David Pate, M.D.,J.D.

CEO, St. Luke’s Health System

Over the last month, Dr. Pate and the St. Luke’s team have had an opportunity to show how impactful the blog can be.

Because Dr. Pate and the St. Luke’s board believe that the key to providing the best healthcare possible within their community means having the broadest meaningful “footprint,” they’ve been structuring to ensure that they can serve their patients across the continuum of care.  This has led to some fairly significant acquisition activity over the past few years.  In the course of acquiring a regional medical group (Saltzer Medical Group), their major competitor filed an injunction in an attempt to stop the process. St. Luke’s subsequently was featured in a New York Times piece concerning changes in healthcare delivery nationwide.  [A Hospital War Reflects a Bind for Doctors in the U.S.]

Dr. Pate says that he spent over 90 minutes with the NYT reporter, helping to paint a picture of how important it is for SLHS to be able to broaden its footprint in order to meet its “Triple Aim.”  But what happened instead is that the St. Luke’s story was used as a lead-in to argue against “big corporate healthcare.”  Though none of the examples cited later in the article were related to St. Luke’s, they were made to appear to be “guilty by association.”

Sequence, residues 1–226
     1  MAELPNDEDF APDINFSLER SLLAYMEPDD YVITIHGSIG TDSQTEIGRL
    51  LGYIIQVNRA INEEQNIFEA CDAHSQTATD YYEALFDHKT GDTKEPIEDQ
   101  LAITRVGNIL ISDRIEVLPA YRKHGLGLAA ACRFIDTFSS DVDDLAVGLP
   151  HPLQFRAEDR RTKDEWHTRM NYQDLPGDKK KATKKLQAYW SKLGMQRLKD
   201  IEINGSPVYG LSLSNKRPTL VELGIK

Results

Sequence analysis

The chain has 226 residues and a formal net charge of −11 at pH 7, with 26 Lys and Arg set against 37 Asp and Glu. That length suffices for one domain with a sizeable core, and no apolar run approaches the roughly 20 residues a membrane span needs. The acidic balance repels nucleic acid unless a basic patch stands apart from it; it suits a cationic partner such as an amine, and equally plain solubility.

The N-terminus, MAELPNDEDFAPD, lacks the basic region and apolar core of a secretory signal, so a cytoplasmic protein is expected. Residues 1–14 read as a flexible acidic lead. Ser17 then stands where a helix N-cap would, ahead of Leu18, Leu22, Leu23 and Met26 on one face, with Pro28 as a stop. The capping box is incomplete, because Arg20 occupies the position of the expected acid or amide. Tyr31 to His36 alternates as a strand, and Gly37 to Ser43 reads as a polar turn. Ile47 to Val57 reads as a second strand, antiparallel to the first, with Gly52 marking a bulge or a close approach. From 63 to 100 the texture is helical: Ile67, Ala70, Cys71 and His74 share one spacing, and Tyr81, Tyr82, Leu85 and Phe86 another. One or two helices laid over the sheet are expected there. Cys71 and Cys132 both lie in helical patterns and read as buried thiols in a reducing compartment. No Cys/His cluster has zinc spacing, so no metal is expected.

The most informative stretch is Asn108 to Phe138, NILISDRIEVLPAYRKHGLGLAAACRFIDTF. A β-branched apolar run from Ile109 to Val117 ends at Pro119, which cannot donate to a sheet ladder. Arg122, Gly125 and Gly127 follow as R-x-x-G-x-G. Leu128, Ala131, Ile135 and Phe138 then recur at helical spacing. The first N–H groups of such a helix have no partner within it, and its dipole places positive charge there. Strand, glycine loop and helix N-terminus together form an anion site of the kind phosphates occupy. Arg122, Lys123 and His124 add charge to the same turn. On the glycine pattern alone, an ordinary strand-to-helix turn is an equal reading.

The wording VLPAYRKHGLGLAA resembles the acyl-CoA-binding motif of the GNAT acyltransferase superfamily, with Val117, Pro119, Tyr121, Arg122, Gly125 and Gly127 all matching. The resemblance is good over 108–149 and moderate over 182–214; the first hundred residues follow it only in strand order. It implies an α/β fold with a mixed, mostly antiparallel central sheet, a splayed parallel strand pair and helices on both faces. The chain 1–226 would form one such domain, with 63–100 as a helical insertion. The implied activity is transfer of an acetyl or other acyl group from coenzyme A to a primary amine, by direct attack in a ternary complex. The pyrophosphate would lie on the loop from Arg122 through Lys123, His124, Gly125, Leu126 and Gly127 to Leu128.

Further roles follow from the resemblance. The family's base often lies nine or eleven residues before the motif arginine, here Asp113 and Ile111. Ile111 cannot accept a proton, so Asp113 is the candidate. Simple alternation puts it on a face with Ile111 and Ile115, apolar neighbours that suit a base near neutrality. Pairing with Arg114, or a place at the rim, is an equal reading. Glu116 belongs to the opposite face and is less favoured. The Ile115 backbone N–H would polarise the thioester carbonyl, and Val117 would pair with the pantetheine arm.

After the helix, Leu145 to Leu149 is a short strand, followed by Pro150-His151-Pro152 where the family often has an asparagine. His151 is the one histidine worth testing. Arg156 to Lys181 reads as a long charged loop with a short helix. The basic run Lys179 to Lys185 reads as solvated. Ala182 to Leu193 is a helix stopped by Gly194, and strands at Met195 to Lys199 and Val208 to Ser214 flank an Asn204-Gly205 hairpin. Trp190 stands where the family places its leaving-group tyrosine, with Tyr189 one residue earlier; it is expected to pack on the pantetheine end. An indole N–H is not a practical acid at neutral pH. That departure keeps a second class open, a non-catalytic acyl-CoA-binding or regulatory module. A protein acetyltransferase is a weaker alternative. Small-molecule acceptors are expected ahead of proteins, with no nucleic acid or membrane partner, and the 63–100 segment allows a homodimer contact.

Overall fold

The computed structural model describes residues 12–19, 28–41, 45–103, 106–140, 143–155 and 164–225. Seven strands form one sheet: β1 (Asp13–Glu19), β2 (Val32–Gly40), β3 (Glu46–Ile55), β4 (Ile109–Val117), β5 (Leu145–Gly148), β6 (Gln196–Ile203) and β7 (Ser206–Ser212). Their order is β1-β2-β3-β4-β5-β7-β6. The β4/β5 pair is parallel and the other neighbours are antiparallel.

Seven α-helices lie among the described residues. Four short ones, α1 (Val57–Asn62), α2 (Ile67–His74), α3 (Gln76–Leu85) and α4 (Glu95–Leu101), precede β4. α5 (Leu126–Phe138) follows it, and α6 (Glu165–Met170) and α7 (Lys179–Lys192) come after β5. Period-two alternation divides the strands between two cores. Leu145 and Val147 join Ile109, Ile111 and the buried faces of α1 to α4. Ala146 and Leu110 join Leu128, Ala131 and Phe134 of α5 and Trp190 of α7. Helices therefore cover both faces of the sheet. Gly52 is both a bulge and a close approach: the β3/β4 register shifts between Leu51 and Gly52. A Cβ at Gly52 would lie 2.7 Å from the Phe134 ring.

The report scratched the surface of the challenges being faced by health systems; that much is clear from the volume and variety of comments the article generated when posted to The Times’ website. Normally in that kind of a situation, the CEO in question couldn’t do much more than fume and fret – with no outlet to share his side of the story.  But what happened in this instance is that Dr. Pate DOES have an outlet to share the whole story – with a “built-in audience” he’s spent the last year diligently growing.  And it’s also an outlet where that audience has grown accustomed to hearing Dr. Pate objectively discuss some of the most difficult issues in healthcare.  His response, ‘ … The far more interesting story is, What if?‘, is absolutely worth a read. As are the comments – which feature physicians, patients, employees and members of the community sharing in telling the St. Luke’s story.

At this point, you might still be feeling a little bit skeptical.  After all, we’ve seen “big healthcare” misbehaving on a pretty regular basis over the last several years, right?  Just because SLHS has a great PR spokesman in Dr. Pate doesn’t necessarily mean that he’s telling the whole truth, does it?  Well, maybe not.  We usually don’t have any way to tell – we just have to take the stories we’re served, and try to ascertain the truth as best we can.  But Dr. Pate’s blogging has done something else for us … it’s given us a history.  Its shown us some things about his character and the sincerity of the St. Luke’s mission – things that have nothing to do with the Saltzer Medical Group or the New York Times.

Take a look at some of that history: